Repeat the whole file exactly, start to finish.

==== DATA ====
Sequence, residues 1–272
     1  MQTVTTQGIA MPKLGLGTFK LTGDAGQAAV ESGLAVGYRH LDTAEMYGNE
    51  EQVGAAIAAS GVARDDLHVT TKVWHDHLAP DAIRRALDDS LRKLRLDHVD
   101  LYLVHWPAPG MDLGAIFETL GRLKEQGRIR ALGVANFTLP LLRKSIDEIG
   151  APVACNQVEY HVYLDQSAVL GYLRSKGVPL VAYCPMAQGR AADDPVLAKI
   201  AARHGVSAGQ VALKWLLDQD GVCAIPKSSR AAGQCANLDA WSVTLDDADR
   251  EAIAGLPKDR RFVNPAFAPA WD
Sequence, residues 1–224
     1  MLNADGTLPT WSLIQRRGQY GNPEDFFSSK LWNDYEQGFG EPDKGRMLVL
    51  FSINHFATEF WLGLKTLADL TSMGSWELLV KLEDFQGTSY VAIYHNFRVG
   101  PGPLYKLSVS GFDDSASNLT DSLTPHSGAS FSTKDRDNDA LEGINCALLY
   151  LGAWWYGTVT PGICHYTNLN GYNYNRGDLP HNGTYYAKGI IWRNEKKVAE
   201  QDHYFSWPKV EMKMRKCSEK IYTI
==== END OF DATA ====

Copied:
Sequence, residues 1–272
     1  MQTVTTQGIA MPKLGLGTFK LTGDAGQAAV ESGLAVGYRH LDTAEMYGNE
    51  EQVGAAIAAS GVARDDLHVT TKVWHDHLAP DAIRRALDDS LRKLRLDHVD
   101  LYLVHWPAPG MDLGAIFETL GRLKEQGRIR ALGVANFTLP LLRKSIDEIG
   151  APVACNQVEY HVYLDQSAVL GYLRSKGVPL VAYCPMAQGR AADDPVLAKI
   201  AARHGVSAGQ VALKWLLDQD GVCAIPKSSR AAGQCANLDA WSVTLDDADR
   251  EAIAGLPKDR RFVNPAFAPA WD
Sequence, residues 1–224
     1  MLNADGTLPT WSLIQRRGQY GNPEDFFSSK LWNDYEQGFG EPDKGRMLVL
    51  FSINHFATEF WLGLKTLADL TSMGSWELLV KLEDFQGTSY VAIYHNFRVG
   101  PGPLYKLSVS GFDDSASNLT DSLTPHSGAS FSTKDRDNDA LEGINCALLY
   151  LGAWWYGTVT PGICHYTNLN GYNYNRGDLP HNGTYYAKGI IWRNEKKVAE
   201  QDHYFSWPKV EMKMRKCSEK IYTI